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Important Note:

June through November our agency may become prohibited from binding coverage should a “Tropical Disturbance” enter the Gulf of Mexico or Caribbean Sea.

In these cases we may be unable to bind new coverage quoted in open proposals until the storm leaves our area and our binding authority has been restored.

Please arrange your coverage protection early to avoid this type of delay. While we regret any inconvenience, the carriers impose these restrictions on all agencies.

Do You Conduct Regular Workplace Fire Drills?

Do you remember your elementary school years? How about the suspense you felt every time your school had a fire drill—as you lined up single file and marched slowly from the building to your group’s designated meeting spot. During good weather, a fire drill could be fun. During bad weather, they were a little less pleasant. But they served a purpose either way: to teach you to respond quickly, calmly and safely in the event of a building fire. Fire drills can serve the same purpose for your workforce today.

Although the Occupational Safety and Health Administration (OSHA) does not require employers to conduct fire drills in the workplace, it strongly recommends them. As they state in one document, “It is a good idea to hold practice drills as often as necessary to keep employees prepared.” Your business insurance carrier may have stronger feelings about drills. Some require clients to hold period drills to ensure the safe evacuations of employees. Drills may also be necessary to satisfy local fire codes.

Why Should I Conduct Fire Drills?

When you give your employees the opportunity to practice emergency procedures in a simulated—but safe—environment, you reduce their risk of harm in an actual life-threatening situation. Written evacuation procedures included in your workplace safety plan are not enough. Unless you physically run through them, you cannot evaluate their effectiveness and make changes to improve them. Also, there’s the previously mentioned issue of insurance and local fire codes. If you’re on the fence about conducting workplace fire drills, take a moment to call your insurance agent and the fire marshal to confirm the legal necessity.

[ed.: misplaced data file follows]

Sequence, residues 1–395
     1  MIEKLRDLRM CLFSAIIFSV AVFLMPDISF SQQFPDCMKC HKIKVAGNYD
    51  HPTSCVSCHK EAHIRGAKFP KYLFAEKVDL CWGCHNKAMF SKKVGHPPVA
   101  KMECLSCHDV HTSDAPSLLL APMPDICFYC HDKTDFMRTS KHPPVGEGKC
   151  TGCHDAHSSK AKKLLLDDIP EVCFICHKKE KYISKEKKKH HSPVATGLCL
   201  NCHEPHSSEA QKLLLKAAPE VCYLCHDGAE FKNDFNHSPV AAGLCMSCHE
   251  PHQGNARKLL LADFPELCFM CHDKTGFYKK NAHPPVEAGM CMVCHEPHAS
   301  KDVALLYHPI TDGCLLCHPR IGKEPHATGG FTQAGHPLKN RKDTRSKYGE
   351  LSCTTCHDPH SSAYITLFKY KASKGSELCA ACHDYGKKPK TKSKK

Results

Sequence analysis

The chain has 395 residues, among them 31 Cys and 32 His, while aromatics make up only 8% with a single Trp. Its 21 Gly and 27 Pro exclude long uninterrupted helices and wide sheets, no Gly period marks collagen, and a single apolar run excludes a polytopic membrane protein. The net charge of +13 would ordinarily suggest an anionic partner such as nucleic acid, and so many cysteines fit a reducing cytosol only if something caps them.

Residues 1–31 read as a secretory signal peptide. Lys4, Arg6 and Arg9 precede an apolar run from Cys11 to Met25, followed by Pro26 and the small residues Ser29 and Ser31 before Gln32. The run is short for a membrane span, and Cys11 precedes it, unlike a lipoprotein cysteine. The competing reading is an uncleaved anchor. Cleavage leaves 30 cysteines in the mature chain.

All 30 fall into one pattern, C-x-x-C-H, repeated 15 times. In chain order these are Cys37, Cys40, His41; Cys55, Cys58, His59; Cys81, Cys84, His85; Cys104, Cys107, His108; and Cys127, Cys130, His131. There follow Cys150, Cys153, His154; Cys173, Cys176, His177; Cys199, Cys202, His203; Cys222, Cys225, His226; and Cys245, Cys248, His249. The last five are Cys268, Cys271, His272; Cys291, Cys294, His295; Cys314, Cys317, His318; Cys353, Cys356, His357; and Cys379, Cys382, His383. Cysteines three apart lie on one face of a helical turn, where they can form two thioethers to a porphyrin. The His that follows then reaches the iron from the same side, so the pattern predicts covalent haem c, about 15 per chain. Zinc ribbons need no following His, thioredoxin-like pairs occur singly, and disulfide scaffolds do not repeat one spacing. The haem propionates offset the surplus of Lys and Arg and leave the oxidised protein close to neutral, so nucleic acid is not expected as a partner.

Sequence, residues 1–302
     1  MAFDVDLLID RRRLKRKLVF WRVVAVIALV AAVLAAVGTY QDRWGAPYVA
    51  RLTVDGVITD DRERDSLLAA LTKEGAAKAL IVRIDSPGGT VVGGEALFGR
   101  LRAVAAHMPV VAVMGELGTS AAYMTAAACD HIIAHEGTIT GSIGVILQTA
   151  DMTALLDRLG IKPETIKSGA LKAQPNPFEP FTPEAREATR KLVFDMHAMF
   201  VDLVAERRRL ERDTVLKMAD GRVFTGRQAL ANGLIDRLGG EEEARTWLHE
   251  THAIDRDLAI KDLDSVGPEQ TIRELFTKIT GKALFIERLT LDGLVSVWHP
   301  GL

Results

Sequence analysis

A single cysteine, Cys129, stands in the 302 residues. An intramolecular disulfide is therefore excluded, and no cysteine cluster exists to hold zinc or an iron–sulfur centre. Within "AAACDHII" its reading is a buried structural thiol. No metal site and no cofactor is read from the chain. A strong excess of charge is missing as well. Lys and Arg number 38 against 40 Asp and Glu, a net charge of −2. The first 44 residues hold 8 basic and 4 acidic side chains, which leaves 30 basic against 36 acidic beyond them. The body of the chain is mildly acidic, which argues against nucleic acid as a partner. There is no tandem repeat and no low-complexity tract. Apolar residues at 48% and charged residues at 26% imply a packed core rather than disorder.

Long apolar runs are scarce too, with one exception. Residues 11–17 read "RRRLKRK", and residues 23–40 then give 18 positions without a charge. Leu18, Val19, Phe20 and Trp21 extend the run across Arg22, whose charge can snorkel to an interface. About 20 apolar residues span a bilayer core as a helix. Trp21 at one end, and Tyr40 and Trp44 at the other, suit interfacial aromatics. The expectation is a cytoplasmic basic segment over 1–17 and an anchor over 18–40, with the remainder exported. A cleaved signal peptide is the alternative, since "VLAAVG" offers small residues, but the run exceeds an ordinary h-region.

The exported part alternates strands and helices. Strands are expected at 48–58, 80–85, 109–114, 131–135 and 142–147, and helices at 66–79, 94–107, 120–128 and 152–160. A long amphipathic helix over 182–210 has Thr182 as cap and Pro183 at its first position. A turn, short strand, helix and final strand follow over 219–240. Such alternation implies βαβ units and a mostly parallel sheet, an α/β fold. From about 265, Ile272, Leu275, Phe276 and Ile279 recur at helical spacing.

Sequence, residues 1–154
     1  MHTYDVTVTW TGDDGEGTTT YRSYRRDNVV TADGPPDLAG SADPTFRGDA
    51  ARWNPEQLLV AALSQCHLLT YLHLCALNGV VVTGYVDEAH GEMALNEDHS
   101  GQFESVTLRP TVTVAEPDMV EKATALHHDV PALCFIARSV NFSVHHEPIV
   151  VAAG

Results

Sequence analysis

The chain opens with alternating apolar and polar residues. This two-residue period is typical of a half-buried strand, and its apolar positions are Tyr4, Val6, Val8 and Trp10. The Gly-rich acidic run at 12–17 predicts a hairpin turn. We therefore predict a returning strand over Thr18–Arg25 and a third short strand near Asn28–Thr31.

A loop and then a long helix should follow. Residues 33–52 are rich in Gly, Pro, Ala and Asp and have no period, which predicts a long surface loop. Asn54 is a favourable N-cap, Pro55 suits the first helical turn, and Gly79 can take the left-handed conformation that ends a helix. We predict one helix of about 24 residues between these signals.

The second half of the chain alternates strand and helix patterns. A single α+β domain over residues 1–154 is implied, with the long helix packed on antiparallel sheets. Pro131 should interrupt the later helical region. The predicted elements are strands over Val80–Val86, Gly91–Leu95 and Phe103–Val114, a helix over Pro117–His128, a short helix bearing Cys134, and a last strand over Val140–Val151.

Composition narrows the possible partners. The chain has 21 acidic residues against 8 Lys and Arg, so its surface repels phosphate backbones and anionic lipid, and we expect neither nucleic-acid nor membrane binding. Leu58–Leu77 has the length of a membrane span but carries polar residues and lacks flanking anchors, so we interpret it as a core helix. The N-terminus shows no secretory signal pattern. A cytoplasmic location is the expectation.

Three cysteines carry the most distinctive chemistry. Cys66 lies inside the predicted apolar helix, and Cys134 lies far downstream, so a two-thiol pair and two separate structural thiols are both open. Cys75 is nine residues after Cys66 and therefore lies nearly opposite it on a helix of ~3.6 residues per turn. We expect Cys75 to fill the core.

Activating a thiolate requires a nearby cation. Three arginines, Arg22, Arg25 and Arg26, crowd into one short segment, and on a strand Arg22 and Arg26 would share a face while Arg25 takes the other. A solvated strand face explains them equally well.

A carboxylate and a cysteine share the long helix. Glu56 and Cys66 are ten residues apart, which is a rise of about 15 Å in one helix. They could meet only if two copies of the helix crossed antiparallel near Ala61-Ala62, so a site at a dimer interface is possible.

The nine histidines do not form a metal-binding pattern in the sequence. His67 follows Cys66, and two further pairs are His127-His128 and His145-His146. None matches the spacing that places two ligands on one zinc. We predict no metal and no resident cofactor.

How Often Should We Drill?

Your insurance policy or local fire codes may dictate the frequency of your fire drills. However, if they do not, consider the number of fire hazards in your workplace. If your office houses flammable materials or is located within a building that is difficult to exit (such as a high rise), you may want to conduct quarterly drills. If there are few fire hazards at your location, twice-yearly drills may be adequate.

Is a Surprise or Planned Drill Better?

While scheduled/planned fire drills minimize workflow disruption, surprise/unannounced drills are better for evaluating the emergency readiness of your workforce. If you’re just instituting evacuation procedures, or have recently made some changes, a planned drill will give you the chance to take your staff through the evacuation step by step. However, if you’re practicing established procedures, a surprise drill will give you the best indication of how your people will react in a real fire emergency.

Take the time to evaluate the results of every fire drill immediately after the event. Make note of issues such as employees who did not hear/respond to the alarm, equipment that wasn’t properly shut down, assigned evacuation routes that were not followed, unexpected corridor or stairwell obstructions, and employees requiring assistance. Look for ways to adjust your workplace procedures to account for or eliminate these issues.

If you’d like assistance incorporating regular workplace fire drills into your workplace safety plan, or determining if your insurance carrier or local fire codes require them, contact your workplace safety advisor.